In October 2011, the FDA informed customers that the "P57 Hoodia'' product marketed by Huikng Pharmaceutical was found to contain sibutramine, which is a controlled substance that had been removed from the U.S. market in October 2010 due to safety reasons. Sibutramine is known to significantly raise the pulse rate and blood pressure in some patients. It may also be a risk for those who have a history of coronary artery disease, congestive heart failure, arrhythmias, or stroke. Sibutramine may cause serious harm with other drugs a patient might take. 2

What is the process behind the hoodia function?

The effects of hoodia on appetite suppression Hoodia was first noticed in 1937 by a Dutch anthropologist who was studying the primitive San Bushmen of the Kalahari Desert.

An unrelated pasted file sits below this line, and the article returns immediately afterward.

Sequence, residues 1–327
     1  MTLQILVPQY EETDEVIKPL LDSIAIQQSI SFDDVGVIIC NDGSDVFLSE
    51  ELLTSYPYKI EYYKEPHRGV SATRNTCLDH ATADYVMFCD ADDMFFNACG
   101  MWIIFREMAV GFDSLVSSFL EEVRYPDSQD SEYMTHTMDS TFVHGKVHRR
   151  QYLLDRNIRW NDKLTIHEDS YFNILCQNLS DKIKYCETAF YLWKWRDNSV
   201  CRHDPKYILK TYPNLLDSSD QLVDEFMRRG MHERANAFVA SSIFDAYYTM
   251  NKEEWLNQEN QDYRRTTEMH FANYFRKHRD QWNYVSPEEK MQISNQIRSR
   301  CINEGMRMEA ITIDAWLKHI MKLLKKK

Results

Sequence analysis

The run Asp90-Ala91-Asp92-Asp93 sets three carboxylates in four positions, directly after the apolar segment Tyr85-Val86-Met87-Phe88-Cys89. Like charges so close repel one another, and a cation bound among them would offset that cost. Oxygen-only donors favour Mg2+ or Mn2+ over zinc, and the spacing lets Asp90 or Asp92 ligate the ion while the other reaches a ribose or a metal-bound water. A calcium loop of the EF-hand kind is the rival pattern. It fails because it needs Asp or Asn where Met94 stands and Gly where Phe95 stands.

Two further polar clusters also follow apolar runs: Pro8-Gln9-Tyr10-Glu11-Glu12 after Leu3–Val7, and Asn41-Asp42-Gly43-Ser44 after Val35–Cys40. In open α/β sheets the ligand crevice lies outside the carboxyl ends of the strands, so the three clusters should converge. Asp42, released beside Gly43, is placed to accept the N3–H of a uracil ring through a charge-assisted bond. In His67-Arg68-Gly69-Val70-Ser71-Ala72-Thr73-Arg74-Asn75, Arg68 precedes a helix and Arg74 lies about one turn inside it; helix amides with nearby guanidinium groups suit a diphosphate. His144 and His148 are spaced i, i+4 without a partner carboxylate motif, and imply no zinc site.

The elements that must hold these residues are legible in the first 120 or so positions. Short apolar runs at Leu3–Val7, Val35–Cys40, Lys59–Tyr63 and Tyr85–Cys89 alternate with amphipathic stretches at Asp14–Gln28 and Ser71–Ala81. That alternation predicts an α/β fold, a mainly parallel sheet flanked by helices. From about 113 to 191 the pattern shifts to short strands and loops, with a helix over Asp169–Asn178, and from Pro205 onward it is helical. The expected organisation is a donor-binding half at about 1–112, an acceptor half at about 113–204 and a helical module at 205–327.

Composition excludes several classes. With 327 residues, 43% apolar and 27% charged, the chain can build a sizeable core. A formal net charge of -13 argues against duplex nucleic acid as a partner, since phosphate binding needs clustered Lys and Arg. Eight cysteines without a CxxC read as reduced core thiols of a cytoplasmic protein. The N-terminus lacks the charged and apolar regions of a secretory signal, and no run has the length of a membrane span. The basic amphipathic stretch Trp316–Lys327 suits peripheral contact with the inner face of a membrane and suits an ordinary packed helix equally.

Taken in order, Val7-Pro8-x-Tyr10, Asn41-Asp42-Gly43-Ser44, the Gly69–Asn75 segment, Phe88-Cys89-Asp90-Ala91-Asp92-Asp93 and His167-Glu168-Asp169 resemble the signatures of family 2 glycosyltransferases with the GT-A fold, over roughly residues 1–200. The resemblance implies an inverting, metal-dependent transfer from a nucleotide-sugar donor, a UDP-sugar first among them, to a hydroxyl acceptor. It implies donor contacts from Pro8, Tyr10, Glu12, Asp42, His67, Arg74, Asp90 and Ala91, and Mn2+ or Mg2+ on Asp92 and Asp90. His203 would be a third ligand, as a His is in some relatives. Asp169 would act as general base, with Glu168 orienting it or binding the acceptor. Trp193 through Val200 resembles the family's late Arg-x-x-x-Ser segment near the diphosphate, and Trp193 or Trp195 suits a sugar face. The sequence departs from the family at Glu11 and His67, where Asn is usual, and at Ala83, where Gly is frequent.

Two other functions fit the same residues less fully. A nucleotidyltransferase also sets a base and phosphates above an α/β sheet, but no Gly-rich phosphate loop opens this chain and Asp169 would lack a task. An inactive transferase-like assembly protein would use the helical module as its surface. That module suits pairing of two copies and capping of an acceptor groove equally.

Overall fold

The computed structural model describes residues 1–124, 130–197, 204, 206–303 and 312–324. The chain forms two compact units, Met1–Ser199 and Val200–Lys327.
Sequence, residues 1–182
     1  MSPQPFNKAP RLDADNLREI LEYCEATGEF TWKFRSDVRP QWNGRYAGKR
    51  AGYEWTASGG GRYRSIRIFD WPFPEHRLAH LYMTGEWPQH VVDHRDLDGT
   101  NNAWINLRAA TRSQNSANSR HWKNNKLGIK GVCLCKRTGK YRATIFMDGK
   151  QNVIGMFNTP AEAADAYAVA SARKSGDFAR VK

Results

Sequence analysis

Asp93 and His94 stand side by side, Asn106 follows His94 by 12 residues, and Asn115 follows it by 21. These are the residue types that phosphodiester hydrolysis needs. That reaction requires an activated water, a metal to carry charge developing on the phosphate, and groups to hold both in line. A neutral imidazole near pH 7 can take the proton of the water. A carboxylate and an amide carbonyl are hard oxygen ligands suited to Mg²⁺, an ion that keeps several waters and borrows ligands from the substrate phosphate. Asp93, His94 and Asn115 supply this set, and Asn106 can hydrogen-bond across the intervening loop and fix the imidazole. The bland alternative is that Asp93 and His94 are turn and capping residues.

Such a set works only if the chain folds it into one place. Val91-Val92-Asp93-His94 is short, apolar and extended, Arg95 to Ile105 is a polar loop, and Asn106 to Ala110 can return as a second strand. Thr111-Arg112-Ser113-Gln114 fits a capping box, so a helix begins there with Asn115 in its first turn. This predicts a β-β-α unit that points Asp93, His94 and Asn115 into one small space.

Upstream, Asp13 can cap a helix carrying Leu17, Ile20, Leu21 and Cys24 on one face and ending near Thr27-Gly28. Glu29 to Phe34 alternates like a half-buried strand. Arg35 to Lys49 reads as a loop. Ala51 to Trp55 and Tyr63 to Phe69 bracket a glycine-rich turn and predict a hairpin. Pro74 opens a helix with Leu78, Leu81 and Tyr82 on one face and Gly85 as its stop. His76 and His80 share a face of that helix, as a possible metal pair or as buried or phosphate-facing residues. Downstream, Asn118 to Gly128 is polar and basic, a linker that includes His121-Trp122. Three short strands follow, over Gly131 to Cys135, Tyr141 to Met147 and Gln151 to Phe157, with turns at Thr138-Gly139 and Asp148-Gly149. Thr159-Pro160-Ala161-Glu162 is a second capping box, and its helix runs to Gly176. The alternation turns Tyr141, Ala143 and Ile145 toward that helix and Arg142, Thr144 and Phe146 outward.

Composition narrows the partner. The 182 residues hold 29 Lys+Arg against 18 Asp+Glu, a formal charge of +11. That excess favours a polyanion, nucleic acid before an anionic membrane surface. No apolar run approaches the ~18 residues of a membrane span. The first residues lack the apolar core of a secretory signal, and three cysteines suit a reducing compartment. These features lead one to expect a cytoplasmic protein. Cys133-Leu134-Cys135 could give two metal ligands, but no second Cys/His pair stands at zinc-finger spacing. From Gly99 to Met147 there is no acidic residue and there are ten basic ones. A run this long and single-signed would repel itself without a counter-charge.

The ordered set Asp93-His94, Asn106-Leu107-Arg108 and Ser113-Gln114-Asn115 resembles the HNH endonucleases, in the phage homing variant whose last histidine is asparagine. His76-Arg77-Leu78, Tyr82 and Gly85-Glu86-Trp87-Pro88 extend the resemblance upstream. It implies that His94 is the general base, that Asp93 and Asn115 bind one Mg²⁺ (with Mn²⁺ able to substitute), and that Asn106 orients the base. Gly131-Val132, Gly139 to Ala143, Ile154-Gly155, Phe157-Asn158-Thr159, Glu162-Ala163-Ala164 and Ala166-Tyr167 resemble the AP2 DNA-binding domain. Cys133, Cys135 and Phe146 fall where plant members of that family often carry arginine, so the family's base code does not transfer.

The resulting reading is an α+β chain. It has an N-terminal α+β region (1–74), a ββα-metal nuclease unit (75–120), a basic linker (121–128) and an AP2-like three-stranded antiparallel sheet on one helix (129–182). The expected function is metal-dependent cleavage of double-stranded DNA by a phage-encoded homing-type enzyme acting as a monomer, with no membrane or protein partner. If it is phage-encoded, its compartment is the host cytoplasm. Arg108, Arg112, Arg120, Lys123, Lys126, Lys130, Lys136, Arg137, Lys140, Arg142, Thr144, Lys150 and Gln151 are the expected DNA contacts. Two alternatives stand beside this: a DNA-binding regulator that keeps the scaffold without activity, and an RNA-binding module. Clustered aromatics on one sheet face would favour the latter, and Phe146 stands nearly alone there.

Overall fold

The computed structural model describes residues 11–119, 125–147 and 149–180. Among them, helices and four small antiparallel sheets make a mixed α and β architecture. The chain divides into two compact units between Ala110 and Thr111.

It was observed that wandering bushmen (who call it Xhoba) took the stems of the Hoodia plant to ward off hunger during long hunts in the area with little vegetation.

Hoodia's active component Hoodia is the molecule that suppresses appetite, called P57, or oxypregnane. the steroidal glycoside P57AS3. In a few clinical studies, P57 has been studied to determine its effectiveness in the field of anti-obesity drugs.

It is believed that P57 affects the brain in a similar way to glucose. It tricks the brain into thinking that one is full, even though they've never eaten; it reduces appetite for food and slows down the time that the feeling of hunger begins. It seems to function at the level of the hypothalamus, which blocks hunger signals.

Not for:

Patients shouldn't take hoodia without consulting their doctor if they suffer from

  • Diabetes,
  • Heart disease, or high blood pressure
  • A bleeding or blood clotting disorder,
  • Anorexia, bulimia, or an eating disorder of any kind

Patients should consult their physician prior to taking Hoodia when they suffer from other medical issues or sensitivities (especially towards plants) or are taking other medications or health supplements, such as herbal or natural.

Patients shouldn't take Hoodia without first speaking to their physician if they're expecting or may be pregnant.